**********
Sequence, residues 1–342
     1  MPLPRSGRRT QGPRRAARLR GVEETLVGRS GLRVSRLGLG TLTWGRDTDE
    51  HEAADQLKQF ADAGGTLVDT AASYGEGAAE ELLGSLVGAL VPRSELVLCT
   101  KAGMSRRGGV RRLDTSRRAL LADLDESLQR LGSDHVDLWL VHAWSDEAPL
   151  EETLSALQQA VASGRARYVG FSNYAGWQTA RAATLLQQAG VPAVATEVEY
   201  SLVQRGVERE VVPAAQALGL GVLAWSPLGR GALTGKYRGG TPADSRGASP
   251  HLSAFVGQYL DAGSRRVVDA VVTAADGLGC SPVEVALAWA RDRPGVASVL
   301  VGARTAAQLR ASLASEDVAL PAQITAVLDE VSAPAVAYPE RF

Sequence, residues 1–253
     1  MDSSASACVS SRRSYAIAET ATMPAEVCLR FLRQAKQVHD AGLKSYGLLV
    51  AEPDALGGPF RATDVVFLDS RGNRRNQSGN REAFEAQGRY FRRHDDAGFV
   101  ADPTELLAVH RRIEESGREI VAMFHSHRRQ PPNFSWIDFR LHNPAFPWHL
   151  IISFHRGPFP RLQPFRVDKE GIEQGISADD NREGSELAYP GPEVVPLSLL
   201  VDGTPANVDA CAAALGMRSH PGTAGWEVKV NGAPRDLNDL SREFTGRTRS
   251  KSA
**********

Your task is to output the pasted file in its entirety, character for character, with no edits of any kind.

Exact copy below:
Sequence, residues 1–342
     1  MPLPRSGRRT QGPRRAARLR GVEETLVGRS GLRVSRLGLG TLTWGRDTDE
    51  HEAADQLKQF ADAGGTLVDT AASYGEGAAE ELLGSLVGAL VPRSELVLCT
   101  KAGMSRRGGV RRLDTSRRAL LADLDESLQR LGSDHVDLWL VHAWSDEAPL
   151  EETLSALQQA VASGRARYVG FSNYAGWQTA RAATLLQQAG VPAVATEVEY
   201  SLVQRGVERE VVPAAQALGL GVLAWSPLGR GALTGKYRGG TPADSRGASP
   251  HLSAFVGQYL DAGSRRVVDA VVTAADGLGC SPVEVALAWA RDRPGVASVL
   301  VGARTAAQLR ASLASEDVAL PAQITAVLDE VSAPAVAYPE RF

Sequence, residues 1–253
     1  MDSSASACVS SRRSYAIAET ATMPAEVCLR FLRQAKQVHD AGLKSYGLLV
    51  AEPDALGGPF RATDVVFLDS RGNRRNQSGN REAFEAQGRY FRRHDDAGFV
   101  ADPTELLAVH RRIEESGREI VAMFHSHRRQ PPNFSWIDFR LHNPAFPWHL
   151  IISFHRGPFP RLQPFRVDKE GIEQGISADD NREGSELAYP GPEVVPLSLL
   201  VDGTPANVDA CAAALGMRSH PGTAGWEVKV NGAPRDLNDL SREFTGRTRS
   251  KSA